Victoria Park welcomed the magnificence of Citadel for a third year running.
With a reputation for finesse, we already had this summer Sunday down as one to impress. Bringing together a host of talent from across the world alongside its family-friendly atmosphere it didn’t disappoint.
The start of the London ‘one-day’er was dominated by Maggie Rogers’ energetic main stage performance and her dreamy brand of indie synth-pop. The ‘Alaska’ star showed nothing short of glowing enthusiasm for the crowd, setting the festival’s tone perfectly. This energy was maintained by the subsequent performance of RY X. The bearded Aussie’s soft voice coupled with his full-orchestra produced gems, like ‘Howling’ that blissfully spun out across the audience.
Citadel prides itself on delivering talent from across the world and the opportunity to see Oumou Sangaré was not to be missed. Her seven-piece backing saw the illustrious Wassoulou singer treat the rain-smattered audience to a case study in punchy, upbeat African music.
Citadel even gave us the house music fix we needed (a task we’d usually leave to Lovebox). The phenomenal speaker set-up of the Smirnoff Mixmag bus and the Corona Sunsets stage saw the likes of Felix Dickinson, Amp & Deck and OK Jones blast out a vast collection of soulful and tribal bangers.
To finish off the eclectic selection, the clean cut Dan Croll delivered an intricate and glittery guitar set. His Ben Gibbard-esque voice easily made up for initial production difficulties.
As afternoon turned to evening, it was time for the festival’s biggest draws to take to the stage. Both these acts are more than familiar with crowds of this size having stormed the last decade with one critically acclaimed record after another.
Riding in the wake of his masterful sixth album Migration, Bonobo graced London’s crowd with a magical production of orchestral electronica. His euphoric sound was supported by a full brass and strings section as he glided seamlessly through a back catalogue of winning tracks from classics like ‘Cirrus’ to more recent hits including ‘Kerala’ and ‘Bambro Koyo Ganda’.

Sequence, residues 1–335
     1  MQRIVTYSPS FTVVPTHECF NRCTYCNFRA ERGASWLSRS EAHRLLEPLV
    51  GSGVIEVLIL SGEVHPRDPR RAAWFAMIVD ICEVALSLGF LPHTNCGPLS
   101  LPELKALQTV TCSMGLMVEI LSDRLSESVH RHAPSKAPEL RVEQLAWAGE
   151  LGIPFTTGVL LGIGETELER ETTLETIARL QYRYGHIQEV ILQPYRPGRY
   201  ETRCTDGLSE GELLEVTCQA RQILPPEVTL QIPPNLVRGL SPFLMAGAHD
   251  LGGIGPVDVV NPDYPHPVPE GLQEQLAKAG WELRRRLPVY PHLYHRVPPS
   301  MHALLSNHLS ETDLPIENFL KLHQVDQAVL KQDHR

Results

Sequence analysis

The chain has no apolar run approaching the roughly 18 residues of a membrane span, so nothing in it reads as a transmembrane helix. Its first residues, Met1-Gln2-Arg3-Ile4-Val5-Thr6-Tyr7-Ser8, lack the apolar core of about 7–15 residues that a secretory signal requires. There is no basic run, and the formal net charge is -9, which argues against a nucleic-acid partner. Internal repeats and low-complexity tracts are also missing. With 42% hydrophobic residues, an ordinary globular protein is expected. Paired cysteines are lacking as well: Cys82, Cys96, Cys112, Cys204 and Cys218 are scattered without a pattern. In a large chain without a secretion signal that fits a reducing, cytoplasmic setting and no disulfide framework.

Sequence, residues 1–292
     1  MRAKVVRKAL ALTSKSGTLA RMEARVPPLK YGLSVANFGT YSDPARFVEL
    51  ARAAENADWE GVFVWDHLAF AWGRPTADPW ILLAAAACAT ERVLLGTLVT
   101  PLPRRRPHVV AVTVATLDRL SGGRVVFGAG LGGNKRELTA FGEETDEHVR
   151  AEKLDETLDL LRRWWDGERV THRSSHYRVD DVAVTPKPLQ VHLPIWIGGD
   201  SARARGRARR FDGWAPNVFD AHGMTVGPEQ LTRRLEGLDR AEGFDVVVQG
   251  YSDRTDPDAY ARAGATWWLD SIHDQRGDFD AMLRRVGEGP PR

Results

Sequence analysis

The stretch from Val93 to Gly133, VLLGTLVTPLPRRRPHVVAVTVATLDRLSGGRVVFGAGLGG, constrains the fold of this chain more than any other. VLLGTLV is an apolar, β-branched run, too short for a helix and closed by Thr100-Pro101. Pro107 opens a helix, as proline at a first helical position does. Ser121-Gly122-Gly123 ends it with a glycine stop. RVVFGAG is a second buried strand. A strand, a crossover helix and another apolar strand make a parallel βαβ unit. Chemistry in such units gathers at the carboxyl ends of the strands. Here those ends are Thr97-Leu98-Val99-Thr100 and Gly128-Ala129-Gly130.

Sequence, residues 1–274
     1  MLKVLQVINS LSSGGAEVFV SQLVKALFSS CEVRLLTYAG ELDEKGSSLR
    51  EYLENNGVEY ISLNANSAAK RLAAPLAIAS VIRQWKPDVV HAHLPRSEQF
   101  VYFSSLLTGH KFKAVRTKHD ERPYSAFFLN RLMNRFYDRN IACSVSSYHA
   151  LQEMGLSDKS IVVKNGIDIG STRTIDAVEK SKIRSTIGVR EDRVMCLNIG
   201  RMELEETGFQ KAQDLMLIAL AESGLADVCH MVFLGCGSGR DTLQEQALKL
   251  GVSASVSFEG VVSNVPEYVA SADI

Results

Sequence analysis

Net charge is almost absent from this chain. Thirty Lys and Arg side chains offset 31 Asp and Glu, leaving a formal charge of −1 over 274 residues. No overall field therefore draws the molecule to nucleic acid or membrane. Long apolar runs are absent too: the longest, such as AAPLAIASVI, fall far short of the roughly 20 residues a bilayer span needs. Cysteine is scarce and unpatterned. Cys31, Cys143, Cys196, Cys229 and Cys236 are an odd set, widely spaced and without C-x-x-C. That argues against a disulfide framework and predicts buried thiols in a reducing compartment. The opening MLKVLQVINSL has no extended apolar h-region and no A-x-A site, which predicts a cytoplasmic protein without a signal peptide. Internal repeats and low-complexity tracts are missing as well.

The day’s finale saw the world’s most loved Oxford quintet take to the stage for a UK-festival exclusive. Right from the get-go, Foals were on exceptional form. Launching into rampaging opener ‘Mountain At My Gates’, frontman Yannis Philippakis proclaimed “It’s good to be home”. It took until ‘My Number’ to fully ease up the slightly stiff Sunday crowd and Foals came into their own. At their best, Foals are a real force, revelling in lo-fi breakdowns, angry riffs and mighty choruses. As anticipated, the set saw Foals pull a few surprises from their discography including the likes of ‘Black Gold’ and ‘Heavy Water,’ as well crowd-pleasers like ‘Inhaler’, ‘Spanish Sahara’ and ‘Red Socks Pugie’. The emphatic encore featured ‘What Went Down,’ followed by ‘Two Steps Twice’ as Foals delivered everything we had hoped for in a cerebral combination of pure polish and anarchy.
Citadel delivered in splendid form, a one-day festival at its finest.
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Photo insert courtesy of Family PR